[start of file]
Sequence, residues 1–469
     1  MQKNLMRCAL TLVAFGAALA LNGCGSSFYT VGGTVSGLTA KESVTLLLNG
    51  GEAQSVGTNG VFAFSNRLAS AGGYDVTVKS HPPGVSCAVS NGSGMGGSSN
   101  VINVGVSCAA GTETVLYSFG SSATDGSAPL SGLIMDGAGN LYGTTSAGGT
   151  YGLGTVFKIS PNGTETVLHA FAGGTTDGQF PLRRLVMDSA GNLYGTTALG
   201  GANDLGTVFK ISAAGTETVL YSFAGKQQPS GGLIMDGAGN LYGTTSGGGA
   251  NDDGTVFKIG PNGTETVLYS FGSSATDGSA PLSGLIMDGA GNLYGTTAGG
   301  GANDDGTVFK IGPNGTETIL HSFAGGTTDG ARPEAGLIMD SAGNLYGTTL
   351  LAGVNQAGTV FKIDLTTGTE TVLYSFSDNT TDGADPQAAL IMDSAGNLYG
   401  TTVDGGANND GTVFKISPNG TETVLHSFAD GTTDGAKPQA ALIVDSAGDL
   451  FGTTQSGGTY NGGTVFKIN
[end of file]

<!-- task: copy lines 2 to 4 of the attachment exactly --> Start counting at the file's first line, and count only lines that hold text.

     1  MQKNLMRCAL TLVAFGAALA LNGCGSSFYT VGGTVSGLTA KESVTLLLNG
    51  GEAQSVGTNG VFAFSNRLAS AGGYDVTVKS HPPGVSCAVS NGSGMGGSSN
   101  VINVGVSCAA GTETVLYSFG SSATDGSAPL SGLIMDGAGN LYGTTSAGGT